More than a mentorship
An enduring alum-student relationship proves the power of the Violet Network
When the graduates of the Class of 2018 walked across the stage at the Barclays Center to receive their degrees, most shook the hand of the Dean and immediately descended the steps to join their classmates. Pablo Najera, however, took a detour, turning back to the seated professors and dignitaries to offer a bear hug to Board Member Charles Hinkaty — a spontaneous move that might have briefly flummoxed those behind him, but one that belied the strong relationship between the two.
That relationship had gotten its start, fortuitously, at an NYU mentorship event the previous year. The University had matched willing mentors with interested students, and those pairs were scheduled to meet that afternoon. At one of the tables reserved for Tandon, they sat eagerly waiting — until it dawned on them that Hinkaty’s assigned mentee and Najera’s assigned mentor had each failed to appear. Making the best out of being stood up, they started to chat and quickly decided that they would pair up instead.
“Charlie was so warm and down to earth that I immediately felt comfortable,” Najera recalls. “It wasn’t even until our second meeting, when we shared more details about our lives, that I realized I was speaking to the former President and CEO of Del Laboratories. He has had an amazing career and has sat on numerous Boards, but the first impression you get is not what an important person he is, but how genuinely kind and caring he is.”
The two started speaking by phone every Saturday morning, discussing what had gone on in Najera’s classes the previous week and planning for the week ahead. Coincidentally, both lived on Long Island, making it easy for them to meet in person, and they began to do so regularly, in addition to their phone conversations. “It was immeasurably helpful to me,” Najera explains. “While it’s impossible to overestimate the impact of their support, my parents did not benefit from college educations and have limited insight into the corporate world. Charlie gave me practical career guidance and provided constructive criticism when it was needed, without ever making me feel judged.”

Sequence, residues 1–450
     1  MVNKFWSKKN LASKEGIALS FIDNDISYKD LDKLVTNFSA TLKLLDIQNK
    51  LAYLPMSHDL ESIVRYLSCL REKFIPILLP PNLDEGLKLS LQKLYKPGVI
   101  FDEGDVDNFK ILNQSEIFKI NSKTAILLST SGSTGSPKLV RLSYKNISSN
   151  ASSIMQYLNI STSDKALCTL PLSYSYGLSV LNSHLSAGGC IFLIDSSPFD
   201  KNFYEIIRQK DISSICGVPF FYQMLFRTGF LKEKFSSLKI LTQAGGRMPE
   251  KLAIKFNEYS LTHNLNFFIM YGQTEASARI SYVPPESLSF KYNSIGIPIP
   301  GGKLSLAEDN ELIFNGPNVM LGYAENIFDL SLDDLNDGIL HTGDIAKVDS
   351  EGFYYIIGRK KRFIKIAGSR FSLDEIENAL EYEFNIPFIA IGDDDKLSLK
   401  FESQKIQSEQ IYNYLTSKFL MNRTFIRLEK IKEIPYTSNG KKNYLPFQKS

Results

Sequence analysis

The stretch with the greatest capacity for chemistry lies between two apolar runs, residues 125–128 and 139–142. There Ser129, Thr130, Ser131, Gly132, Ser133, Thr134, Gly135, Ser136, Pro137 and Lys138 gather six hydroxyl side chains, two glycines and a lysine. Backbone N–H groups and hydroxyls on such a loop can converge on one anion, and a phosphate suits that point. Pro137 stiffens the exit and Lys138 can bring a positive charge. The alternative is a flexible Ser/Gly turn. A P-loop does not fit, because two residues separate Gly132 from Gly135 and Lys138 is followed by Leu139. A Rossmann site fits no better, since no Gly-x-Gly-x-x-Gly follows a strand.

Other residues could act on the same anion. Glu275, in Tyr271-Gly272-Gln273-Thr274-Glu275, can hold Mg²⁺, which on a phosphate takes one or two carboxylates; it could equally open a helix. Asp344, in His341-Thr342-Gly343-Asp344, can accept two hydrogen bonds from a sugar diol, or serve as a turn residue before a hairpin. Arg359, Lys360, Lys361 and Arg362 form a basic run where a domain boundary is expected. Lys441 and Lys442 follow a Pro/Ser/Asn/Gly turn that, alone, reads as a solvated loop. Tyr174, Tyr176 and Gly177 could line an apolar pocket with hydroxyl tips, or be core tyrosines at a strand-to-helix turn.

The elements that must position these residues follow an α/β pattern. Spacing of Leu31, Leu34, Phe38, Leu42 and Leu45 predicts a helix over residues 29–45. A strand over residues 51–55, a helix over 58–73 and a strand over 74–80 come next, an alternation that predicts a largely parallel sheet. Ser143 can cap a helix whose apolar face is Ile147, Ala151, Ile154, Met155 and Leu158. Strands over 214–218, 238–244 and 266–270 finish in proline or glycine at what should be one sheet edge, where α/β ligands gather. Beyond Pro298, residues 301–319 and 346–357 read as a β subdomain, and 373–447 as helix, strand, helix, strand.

The mentorship, Najera asserts, changed his life in a very concrete way. “When it was time to start looking for work, Charlie helped me prepare for interviews and took me to networking events,” he recalls. “I really can’t describe how it made me feel to stand beside someone of Charlie’s professional stature and hear him refer to me as a friend.”
That reference to friendship is wholly apt, since the mentor-mentee relationship ultimately morphed into something even more meaningful, especially after Najera met Hinkaty’s wife, Kathy, with whom he quickly bonded over a shared love for photography. “She was every bit as warm and caring as Charlie,” he says. “Here I was, someone she didn’t even really know, and she welcomed me as though I was a family member.” That reference to family is also quite apt: one Christmas, during a Hinkaty family outing to Manhattan (a decades-old tradition that now requires them to rent a bus in order to accommodate the growing pack of grandchildren), Charlie and Kathy’s three-year-old grandson mistakenly thought Najera was his uncle, so seamlessly had he been embraced by the entire clan.
It was natural, then, for Najera to introduce the Hinkatys to Kendy, the woman he had decided he wanted to marry, to see what they thought of her. They wholeheartedly approved — and even ended up being the witnesses at the young couple’s wedding in January 2020.
“Pablo is now climbing the ladder as a software developer at his company, MSC Industrial Supply, and he’s showing real leadership skills,” Hinkaty concludes. “More importantly, he’s a wonderful person, and Kathy and I feel very enriched by knowing him.” Najera, who has himself become a mentor to a current NYU computer science major, says simply, “Kathy and Charlie have made an incalculable impact on my life. There’s no other way to put it.”